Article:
Tree hunting

7 December 2016

In the South East corner of the Netherlands, countless trees grow in countless rows in countless hectares of soft, fertile and very very flat land. The soil here is made for growing. The secrets of producing quantities of large and characterful trees have been guarded by dutch nurserymen for centuries, using the extensive local canal networks to export to neighbouring European countries before articulated lorries came on the scene.  It is here that you find top-dressed, pleached, bonsai, umbrella and table-top trees, as well as the simple standard.  It is the perfect place to find the perfect tree. 

So it was in the vast fields of these rural lowlands that we found ourselves recently, on the hunt for a scattering of stand-out trees, the keystones of a current project.  Even when on the hunt for something very particular, nursery visits are also a vital source of inspiration to garden designers.  In situ it is so much easier to discover new varieties and get a sense of scale and sensation than one can through any number of photos.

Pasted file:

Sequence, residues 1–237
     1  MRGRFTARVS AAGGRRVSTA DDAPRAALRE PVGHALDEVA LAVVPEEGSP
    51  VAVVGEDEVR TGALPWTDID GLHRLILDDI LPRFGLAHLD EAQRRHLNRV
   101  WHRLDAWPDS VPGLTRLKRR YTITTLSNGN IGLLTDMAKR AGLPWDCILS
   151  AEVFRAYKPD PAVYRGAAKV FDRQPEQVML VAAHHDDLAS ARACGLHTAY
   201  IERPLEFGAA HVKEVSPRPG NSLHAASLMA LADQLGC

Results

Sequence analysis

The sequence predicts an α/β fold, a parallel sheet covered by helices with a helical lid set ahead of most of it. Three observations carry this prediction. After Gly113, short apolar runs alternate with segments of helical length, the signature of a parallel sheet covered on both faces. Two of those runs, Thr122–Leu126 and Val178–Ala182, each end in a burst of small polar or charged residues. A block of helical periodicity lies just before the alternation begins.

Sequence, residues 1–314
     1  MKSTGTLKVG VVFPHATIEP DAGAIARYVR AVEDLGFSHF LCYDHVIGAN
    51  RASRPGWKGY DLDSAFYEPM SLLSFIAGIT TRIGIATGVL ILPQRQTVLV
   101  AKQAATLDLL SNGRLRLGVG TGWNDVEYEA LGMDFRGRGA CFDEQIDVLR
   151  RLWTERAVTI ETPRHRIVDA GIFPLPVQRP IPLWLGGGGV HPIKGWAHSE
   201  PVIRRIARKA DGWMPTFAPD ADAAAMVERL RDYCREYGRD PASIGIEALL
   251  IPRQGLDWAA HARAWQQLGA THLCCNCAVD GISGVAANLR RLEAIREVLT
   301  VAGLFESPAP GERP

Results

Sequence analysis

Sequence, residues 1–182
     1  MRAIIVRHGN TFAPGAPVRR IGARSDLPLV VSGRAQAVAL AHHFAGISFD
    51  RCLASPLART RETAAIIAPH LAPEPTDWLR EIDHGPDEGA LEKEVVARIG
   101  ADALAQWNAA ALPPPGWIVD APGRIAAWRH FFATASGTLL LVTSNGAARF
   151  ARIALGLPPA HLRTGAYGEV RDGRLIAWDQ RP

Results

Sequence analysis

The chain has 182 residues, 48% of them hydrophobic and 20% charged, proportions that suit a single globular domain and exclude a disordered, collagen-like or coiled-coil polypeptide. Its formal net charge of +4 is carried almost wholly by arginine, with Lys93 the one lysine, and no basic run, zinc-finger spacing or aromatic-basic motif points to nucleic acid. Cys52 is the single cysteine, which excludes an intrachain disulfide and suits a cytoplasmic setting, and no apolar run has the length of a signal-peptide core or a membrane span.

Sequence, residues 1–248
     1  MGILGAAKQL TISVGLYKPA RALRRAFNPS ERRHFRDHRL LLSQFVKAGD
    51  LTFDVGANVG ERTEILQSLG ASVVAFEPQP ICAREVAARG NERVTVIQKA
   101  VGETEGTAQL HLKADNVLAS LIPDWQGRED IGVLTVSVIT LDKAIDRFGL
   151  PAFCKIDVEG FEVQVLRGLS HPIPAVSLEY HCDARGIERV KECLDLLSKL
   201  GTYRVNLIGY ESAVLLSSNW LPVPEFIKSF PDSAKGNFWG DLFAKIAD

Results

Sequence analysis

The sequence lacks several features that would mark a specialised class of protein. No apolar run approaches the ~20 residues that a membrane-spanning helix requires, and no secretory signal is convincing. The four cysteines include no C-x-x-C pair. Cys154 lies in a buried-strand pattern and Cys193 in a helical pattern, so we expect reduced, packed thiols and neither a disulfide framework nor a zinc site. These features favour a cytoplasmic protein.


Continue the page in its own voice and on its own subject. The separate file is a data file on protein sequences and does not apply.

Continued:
With its twisted trunks swirling up in to a graceful tornado, a Magnolia loebnerii was hard to resist, or the strangely beautiful pockmarking on the bark of a Zelkova serrata.  It’s easy to get distracted.  Vast avenues of Carpinus betulus ‘Fastigiata’, with autumn leaves the colour of a bright egg-yolk, caught our eye, perfect for a grand entrance in the West Country.  These trees have taken years to grow, watched and tended by the nursery workers.  Once neatly scooped out of the ground, their rootballs will be carefully wrapped and their branches tied in preparation for the long journey ahead.  Trees from these nurseries travel far and wide, to England, Germany, Scandinavia and beyond.  They go to big and small private gardens, to street-sides and public parks.

 -Elizabeth Tyler


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